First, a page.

AAP Reports eBook Revenues Down 12.3% in First Ten Months of 2015

4486206221_28abf74675_b The Association of American Publishers released its monthly stats report on Wednesday and the news was about what you would expect.

Total trade revenues were up 2.5% for the month and half a percent for the year so far. Both paperbacks and audiobooks were up significantly, but ebook revenues were down 12.3% for the ten month period.

This more or less matches what we seen in the past several monthly reports, and it helps explain why publishers are now blaming the return of agency on Amazon rather than their own business decisions.

Press release:

aap logoPublishers’ book sales for trade (consumer) books from Jan. to Oct. were up 0.5% compared to the same timeframe in 2014. Overall publisher revenue for the 10-month period was $13.2 billion, down 2.8%. These numbers include sales for all tracked categories (Trade - fiction/non-fiction/religious, K-12 Instructional Materials, Higher Education Course Materials, Professional Publishing, and University Presses). Publishers net revenue is tracked monthly by the Association of American Publishers (AAP) and includes sales data from more than 1,200 publishers (#AAPStats).

Trade:

Trade book revenues were up 2.5% in Oct. 2015 compared to Oct. 2014.

In a year where Adult Books have shown growth and Childrens/YA hasn’t fared as well, Oct. was an unusual month; Adult Books were down 0.4% and Childrens /YA Books were up 8.1% compared to Oct. 2014. The year-to-date figures, through Oct. 2015 show growth of Adult Books by 2.6% and a decline in Childrens/YA of 5.3%

Religious Presses had 11.0% growth in Oct., compared to Oct. 2014; even with that bump, sales are flat year-to-date compared to 2014.

Trade Formats:

Downloaded audio and paperback remain the formats with the most growth. Downloaded audio increased 38.1% through Oct. 2015 vs the same timeframe in 2014. Paperback Books showed growth in all trade categories, and is up 12.4% year-to-date compared to 2014.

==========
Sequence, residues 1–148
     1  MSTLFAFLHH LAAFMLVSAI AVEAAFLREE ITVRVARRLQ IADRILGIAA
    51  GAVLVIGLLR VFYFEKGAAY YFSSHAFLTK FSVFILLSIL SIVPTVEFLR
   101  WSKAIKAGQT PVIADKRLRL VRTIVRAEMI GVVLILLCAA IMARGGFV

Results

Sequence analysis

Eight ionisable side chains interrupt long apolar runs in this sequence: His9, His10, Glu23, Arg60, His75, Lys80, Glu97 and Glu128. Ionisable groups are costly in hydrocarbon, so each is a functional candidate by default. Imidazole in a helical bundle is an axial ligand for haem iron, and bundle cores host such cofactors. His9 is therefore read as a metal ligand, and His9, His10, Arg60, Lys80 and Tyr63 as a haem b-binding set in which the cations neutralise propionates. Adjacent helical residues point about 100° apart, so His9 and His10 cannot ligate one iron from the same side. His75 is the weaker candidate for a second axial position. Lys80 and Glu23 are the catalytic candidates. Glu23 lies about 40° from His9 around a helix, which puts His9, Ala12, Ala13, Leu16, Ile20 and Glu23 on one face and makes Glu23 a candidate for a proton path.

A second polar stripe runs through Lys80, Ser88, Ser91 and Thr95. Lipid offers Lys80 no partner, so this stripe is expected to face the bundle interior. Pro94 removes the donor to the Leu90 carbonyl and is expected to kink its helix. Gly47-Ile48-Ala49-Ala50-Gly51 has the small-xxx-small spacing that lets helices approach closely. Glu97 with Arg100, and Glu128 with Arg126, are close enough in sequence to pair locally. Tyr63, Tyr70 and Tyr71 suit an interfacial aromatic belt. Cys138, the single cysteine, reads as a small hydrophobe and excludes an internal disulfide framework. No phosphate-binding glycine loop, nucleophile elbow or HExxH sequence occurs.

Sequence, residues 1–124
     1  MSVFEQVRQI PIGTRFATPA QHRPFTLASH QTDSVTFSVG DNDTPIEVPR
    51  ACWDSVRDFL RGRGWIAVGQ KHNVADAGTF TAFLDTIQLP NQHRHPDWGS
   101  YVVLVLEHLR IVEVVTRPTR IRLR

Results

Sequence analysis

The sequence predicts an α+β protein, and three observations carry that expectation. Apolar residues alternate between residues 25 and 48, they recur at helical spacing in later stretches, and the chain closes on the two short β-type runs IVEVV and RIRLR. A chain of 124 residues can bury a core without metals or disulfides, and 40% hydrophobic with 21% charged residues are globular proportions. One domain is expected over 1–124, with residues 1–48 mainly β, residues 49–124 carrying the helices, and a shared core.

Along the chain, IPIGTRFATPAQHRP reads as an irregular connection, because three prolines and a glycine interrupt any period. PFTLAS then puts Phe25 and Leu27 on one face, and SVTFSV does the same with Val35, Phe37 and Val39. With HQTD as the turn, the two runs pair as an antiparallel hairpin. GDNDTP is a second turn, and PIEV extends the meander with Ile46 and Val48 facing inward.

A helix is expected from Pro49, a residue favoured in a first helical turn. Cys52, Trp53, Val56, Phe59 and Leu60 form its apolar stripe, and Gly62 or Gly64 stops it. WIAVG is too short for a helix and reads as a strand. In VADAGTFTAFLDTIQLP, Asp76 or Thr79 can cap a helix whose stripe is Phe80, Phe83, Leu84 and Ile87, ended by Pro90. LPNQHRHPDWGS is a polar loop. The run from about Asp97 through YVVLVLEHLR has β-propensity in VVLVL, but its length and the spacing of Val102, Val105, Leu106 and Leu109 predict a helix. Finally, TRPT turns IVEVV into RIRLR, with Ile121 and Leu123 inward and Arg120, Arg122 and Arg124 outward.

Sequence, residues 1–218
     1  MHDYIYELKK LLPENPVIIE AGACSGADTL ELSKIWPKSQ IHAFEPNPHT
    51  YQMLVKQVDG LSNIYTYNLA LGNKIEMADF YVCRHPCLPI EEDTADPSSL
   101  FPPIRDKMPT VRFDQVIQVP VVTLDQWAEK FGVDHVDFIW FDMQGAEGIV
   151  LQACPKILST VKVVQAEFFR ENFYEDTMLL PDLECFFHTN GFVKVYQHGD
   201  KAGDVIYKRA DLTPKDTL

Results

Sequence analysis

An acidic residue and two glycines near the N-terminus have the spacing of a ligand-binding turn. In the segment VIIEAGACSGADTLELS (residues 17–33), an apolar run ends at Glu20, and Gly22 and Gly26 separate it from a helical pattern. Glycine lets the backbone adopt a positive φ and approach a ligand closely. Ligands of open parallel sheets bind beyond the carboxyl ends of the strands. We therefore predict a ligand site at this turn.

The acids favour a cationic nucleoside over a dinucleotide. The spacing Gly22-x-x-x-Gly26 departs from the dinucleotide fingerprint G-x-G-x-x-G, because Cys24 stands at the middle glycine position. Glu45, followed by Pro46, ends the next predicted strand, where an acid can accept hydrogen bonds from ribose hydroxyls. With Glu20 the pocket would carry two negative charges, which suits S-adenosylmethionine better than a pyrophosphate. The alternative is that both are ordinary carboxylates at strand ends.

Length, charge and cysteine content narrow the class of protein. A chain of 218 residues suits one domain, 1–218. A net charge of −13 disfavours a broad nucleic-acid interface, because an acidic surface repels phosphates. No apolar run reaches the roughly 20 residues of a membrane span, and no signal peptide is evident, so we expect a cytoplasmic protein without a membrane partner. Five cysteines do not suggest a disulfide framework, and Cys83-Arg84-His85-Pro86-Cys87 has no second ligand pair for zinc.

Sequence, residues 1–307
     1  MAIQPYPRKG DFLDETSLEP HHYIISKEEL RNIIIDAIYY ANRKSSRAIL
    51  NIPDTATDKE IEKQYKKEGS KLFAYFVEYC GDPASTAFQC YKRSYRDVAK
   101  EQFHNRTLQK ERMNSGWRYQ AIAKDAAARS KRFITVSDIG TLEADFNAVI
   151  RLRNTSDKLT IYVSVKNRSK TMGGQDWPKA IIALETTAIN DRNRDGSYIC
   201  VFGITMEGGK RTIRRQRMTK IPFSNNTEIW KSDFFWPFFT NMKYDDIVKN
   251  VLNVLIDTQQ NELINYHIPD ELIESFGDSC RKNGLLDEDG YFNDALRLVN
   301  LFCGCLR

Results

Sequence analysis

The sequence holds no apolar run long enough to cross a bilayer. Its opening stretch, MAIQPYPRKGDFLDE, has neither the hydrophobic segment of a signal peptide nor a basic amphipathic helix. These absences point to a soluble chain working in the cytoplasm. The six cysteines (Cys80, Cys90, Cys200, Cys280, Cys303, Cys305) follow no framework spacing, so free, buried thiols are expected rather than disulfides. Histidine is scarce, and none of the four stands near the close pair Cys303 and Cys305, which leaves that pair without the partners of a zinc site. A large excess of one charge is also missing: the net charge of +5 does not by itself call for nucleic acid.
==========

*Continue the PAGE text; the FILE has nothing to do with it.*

eBooks remain down at 12.3% compared to the same 10 months in 2014. The bulk of the decline comes from the Children/YA category, which is down 44.7%, whereas Adult  eBooks are down 6.5% year- to-date.

Though Hardback Books were up for the month in both Childrens/YA (12.5%) and Adult Books(4.3%) categories, they remain down 3.6% year-to-date compared to 2014.

Educational Materials:

Revenues for PreK-12 instructional materials were down by 4.7% and Higher Education course materials were down 6.7% through Oct. compared to the same timeframe in 2014.

Professional and Scholarly Publishing:

Sales for Professional Publishing, which includes business, medical, law, scientific and technical books and journals, were down 2.1% for the year-to-date. University Presses were down 2.9% year-over-year compared to the same ten months in 2014.

image by zigazou76

About Nate Hoffelder (10941 Articles)
Nate Hoffelder is the founder and editor of The Digital Reader: "I've been into reading ebooks since forever, but I only got my first ereader in July 2007. Everything quickly spiraled out of control from there. Before I started this blog in January 2010 I covered ebooks, ebook readers, and digital publishing for about 2 years as a part of MobileRead Forums. It's a great community, and being a member is a joy. But I thought I could make something out of how I covered the news for MobileRead, so I started this blog."

12 Comments on AAP Reports eBook Revenues Down 12.3% in First Ten Months of 2015

  1. I’m sure we can all agree that it’s terribly mean and bad of Amazon to leave the pricing decisions up to the poor, hapless publishers. Should it somehow happen, just by chance, that the publishers have some interest in increasing their revenues Amazon has a statistical algorithm for estimating the what any given price would do to sales.

  2. “…it helps explain why publishers are now blaming the return of agency on Amazon rather than their own business decisions.”

    Can you identify any publishers actually saying this?

    Your link goes to a speculative post by Shatzkin which in turn attributes the claim to an unnamed literary agent.